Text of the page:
A year after the nasty court battle, Disney opted to update its current bus fleet with new character wrapped, tech-friendly buses. Still, these updates may be a Band-aid as the company looks to more drastic shifts.

While companies Disney had picked to take it into the autonomous future were fighting in court, GM was busy trying to find its own path toward driverless vehicles. It looked at Lyft’s and Uber’s but eventually settled for Cruise. Since then, the company has leaned heavily on emerging technology for its vehicles, announcing that by 2035 all of its cars and trucks will be zero-emission. The automaker plans to be fully carbon-neutral by 2040.

While many early contenders in the autonomous vehicle race, like the two Disney picked, have crashed, a few have pushed through to the nearly fully autonomous goal that seemed like a pipe dream just a few years ago. Autonomous shuttles now drive around suburbs and town centers, including Orlando’s Lake Nona, where Disney is rumored to be shopping for office space. One of the leaders in getting autonomous vehicles onto public streets is Cruise, which is already testing autonomous vehicles around San Francisco.
The Cruise Origin AV shuttle - IMAGE VIA CRUISE
  • Image via Cruise
  • The Cruise Origin AV shuttle
While GM may be behind the push for Cruise’s expansion, Honda isn’t forgotten about — they, too, are an investor in the startup. Other investors in Cruise include Microsoft, with whom Disney announced a partnership in 2019. Both the Disney partnership and the Cruise one involve Azure,  Microsoft’s cloud and edge computing platform.

The 2022 Bolt will also harness similar tech, in what Chevy markets as "industry’s first true hands-free driver assistance system" thanks to a Super Cruise subscription service. The new Bolt is just the latest in a company-wide refresh GM has undergone in recent years. That may explain why the company could be looking at gaining more visibility out of its partnership with Disney.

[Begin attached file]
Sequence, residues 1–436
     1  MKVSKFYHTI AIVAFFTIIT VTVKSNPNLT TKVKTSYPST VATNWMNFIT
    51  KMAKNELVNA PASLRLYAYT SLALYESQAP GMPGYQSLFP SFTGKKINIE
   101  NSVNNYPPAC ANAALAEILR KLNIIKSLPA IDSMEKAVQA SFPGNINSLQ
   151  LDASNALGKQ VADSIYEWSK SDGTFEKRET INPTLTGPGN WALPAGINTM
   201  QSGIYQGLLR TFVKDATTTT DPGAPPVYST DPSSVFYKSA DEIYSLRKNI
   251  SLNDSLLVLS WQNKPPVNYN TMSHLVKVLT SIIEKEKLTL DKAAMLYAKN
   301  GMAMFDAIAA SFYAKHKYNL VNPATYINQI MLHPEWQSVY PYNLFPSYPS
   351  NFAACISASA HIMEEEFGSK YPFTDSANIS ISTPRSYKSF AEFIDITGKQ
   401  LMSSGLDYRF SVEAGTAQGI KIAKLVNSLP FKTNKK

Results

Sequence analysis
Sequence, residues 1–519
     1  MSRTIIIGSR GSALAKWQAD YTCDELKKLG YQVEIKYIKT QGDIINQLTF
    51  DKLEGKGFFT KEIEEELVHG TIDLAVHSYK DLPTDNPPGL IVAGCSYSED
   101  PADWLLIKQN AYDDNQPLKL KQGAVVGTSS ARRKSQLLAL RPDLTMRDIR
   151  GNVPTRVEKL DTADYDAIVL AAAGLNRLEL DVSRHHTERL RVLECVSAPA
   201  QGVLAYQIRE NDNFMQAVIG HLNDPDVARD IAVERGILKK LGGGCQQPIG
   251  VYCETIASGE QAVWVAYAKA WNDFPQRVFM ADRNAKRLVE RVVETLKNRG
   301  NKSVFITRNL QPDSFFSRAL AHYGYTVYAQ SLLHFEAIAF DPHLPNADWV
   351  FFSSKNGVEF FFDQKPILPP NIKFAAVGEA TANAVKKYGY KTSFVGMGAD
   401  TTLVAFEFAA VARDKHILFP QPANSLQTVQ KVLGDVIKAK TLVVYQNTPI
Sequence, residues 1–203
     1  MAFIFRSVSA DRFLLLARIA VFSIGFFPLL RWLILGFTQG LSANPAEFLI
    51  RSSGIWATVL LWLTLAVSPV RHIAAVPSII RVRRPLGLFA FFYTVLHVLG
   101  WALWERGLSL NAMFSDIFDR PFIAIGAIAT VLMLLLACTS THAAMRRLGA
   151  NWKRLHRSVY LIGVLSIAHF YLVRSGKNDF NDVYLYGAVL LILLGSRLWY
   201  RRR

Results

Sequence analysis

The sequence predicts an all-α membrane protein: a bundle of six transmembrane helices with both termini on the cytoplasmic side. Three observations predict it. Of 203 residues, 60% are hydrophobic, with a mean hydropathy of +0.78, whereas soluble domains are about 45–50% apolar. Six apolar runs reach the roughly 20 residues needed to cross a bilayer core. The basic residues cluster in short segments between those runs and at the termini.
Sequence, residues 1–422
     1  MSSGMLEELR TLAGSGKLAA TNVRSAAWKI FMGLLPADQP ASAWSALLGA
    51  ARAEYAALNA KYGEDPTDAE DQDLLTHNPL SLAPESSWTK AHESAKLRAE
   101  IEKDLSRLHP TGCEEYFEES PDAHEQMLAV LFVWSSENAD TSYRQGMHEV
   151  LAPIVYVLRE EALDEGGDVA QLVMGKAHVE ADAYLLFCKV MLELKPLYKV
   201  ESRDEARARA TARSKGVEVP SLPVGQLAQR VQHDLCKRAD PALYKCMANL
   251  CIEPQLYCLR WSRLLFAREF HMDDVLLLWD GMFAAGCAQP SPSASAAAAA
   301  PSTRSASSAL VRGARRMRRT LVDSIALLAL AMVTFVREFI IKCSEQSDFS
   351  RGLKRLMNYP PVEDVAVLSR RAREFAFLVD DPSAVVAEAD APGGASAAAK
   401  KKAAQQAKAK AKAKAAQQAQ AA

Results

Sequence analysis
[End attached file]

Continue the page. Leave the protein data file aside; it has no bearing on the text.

Disney, like many major corporations, is working to decrease its carbon footprint. The company tracks its carbon footprint by division, with a self-imposed carbon tax used to offset its impact. The program has been in place since early last decade but has seen increasing scrutiny in recent years. Disney World has embraced solar farms, renewable energy and other carbon-cutting initiatives. But, according to one expert who spoke to Orlando Weekly, Disney World’s massive transportation fleet, which includes more than 300 buses, is a major sticking point for the Parks and Resorts division.

The shift to autonomous vehicles could also have other benefits, including lowered labor costs. In 2019, Cruise acquired Dashride, an automated dispatching service for rideshare fleets. This type of service is similar to Disney's Lyft-backed Minnie Vans (which have not returned since the resort reopened).

In an interview with CNBC in December, Cruise’s CEO promised 2021 would include “a lot more” from the company while noting the progress moving forward will be “much more visible and tangible.” It’s unclear if this will include shuttles at Walt Disney World.

GM plans to offer at least 20 electric vehicles in North America within the next four years. The 2022 Chevy Bolt reveal will occur on Feb. 14, and the 2022 Bolt and Bolt EUV will be available to consumers later this year.